c)       Adequate opportunities to meet their personal tutor and/or programme director (as applicable), unit directors and dissertation supervisor(s) for informal and formal discussions about academic progress or pastoral matters.

d)      Information on the return of required written work, with formative feedback, within an agreed time scale (typically three weeks for full-time students, unless exceptional circumstances arise, in which case students will be informed of the deadline).

e)      Access to a learning infrastructure that supports their academic progress and their ability to complete the degree successfully within the required time period. Where relevant, details of appropriate language courses should be provided, bearing in mind the challenge of taking a language course while committed to a full-time programme of study

f)        Access to an appropriate learning environment, including a wider research environment, (in the University or collaborating institutions) within which there is relevant and sufficient expertise and appropriate facilities available to support the programme of study.

g)      Information about the support and guidance available at School/Faculty/University level (e.g. student handbooks, student web pages), including information on complaints and appeals procedures and information on student representation procedures at School/ Faculty/University level and on student feedback opportunities

Student Responsibilities    

33.11      Taught postgraduate students are expected to:

a)      Register with the University at the start of the academic session, ensuring that they are registered on the correct units with sufficient credit points for the programme.

b)      Pay the required tuition fee and ensure that they have the necessary financial support to enable completion of the programme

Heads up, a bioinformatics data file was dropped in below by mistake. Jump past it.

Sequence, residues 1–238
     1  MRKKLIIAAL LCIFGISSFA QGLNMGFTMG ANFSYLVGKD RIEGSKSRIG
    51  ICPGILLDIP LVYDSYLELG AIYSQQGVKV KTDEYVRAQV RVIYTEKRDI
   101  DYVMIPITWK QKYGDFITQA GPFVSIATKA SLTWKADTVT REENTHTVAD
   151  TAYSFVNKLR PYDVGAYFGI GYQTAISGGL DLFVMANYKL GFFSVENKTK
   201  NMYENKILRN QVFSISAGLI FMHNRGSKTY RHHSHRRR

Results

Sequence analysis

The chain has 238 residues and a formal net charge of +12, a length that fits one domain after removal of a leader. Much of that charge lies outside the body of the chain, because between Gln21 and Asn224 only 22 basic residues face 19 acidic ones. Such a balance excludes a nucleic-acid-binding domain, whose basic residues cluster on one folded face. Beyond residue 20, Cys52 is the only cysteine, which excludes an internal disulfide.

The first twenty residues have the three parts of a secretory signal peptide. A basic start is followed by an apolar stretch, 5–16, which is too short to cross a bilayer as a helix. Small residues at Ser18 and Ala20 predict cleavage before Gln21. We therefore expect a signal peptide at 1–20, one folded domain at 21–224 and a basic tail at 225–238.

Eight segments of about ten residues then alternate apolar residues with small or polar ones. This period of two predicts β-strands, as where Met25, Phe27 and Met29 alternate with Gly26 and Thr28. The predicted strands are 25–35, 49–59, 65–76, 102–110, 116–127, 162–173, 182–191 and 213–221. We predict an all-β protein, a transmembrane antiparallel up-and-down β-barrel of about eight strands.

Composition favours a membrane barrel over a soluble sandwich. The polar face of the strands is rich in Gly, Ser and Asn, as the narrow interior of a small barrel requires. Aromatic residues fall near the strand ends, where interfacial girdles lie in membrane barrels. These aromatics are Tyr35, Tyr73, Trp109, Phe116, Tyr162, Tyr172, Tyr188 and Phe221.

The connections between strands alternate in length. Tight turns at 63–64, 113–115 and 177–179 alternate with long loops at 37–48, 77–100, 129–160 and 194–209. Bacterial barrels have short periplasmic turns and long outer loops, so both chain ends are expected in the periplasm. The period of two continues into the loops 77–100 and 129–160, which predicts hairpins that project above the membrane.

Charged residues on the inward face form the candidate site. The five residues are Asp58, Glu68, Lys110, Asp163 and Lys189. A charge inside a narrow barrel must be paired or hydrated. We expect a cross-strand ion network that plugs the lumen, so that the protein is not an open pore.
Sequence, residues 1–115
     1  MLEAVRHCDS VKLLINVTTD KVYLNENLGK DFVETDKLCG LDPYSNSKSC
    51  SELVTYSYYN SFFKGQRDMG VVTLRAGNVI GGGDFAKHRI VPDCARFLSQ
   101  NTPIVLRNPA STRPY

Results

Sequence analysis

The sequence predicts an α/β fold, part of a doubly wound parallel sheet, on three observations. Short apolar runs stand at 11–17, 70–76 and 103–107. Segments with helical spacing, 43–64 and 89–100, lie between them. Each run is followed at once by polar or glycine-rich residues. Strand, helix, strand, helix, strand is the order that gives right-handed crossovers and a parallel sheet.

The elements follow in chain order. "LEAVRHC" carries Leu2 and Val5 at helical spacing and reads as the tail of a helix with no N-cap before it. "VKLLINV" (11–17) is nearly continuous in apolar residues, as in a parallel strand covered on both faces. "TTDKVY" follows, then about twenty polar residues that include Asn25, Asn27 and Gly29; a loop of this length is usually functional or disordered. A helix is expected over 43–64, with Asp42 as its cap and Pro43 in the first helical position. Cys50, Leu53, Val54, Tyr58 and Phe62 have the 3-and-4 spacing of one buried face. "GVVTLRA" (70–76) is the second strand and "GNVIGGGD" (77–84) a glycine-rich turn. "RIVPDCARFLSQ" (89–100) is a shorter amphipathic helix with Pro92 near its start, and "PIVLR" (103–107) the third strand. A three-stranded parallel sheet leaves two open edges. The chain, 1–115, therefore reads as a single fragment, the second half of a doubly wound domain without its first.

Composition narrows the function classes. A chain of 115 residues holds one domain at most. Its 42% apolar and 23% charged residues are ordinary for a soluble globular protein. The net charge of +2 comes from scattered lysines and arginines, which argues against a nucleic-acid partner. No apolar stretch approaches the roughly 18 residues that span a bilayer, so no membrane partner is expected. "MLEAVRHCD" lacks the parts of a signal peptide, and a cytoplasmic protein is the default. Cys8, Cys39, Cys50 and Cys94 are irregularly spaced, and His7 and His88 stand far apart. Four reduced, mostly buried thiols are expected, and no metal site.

c)       Take responsibility for their own personal and professional development and academic progress, making the most of those learning opportunities that will enhance their capacity for independent and ‘self-directed’ learning.

d)      Meet the University’s requirements for good academic conduct, including timely submission of assessed work by the set deadline, attending at meetings with unit directors and dissertation supervisor(s) as required, attend lectures, seminars and practical sessions regularly and take an active part in the programme of study.

e)      Maintain effective working relationships with teaching staff (programme director, personal tutor, unit directors, dissertation supervisor) and other students, treating all with respect and consideration.  Students on professionally-recognised vocational programmes are additionally expected to maintain standards of conduct commensurate with professional practice standards.

f)        Maintain academic integrity, acknowledging fully the work of others in their coursework and assessed work, and be familiar with the referencing conventions of the discipline or programme, so that their work is free from plagiarism.

g)      Notify the University of any disability, extenuating circumstance or support needs that may affect their study or performance in assessments, in line with these Regulations and Code of Practice.

h)      Notify the University of changes in their personal information (teaching time/home addresses, telephone numbers) immediately by updating their personal details online at https://www.bris.ac.uk/studentinfo/.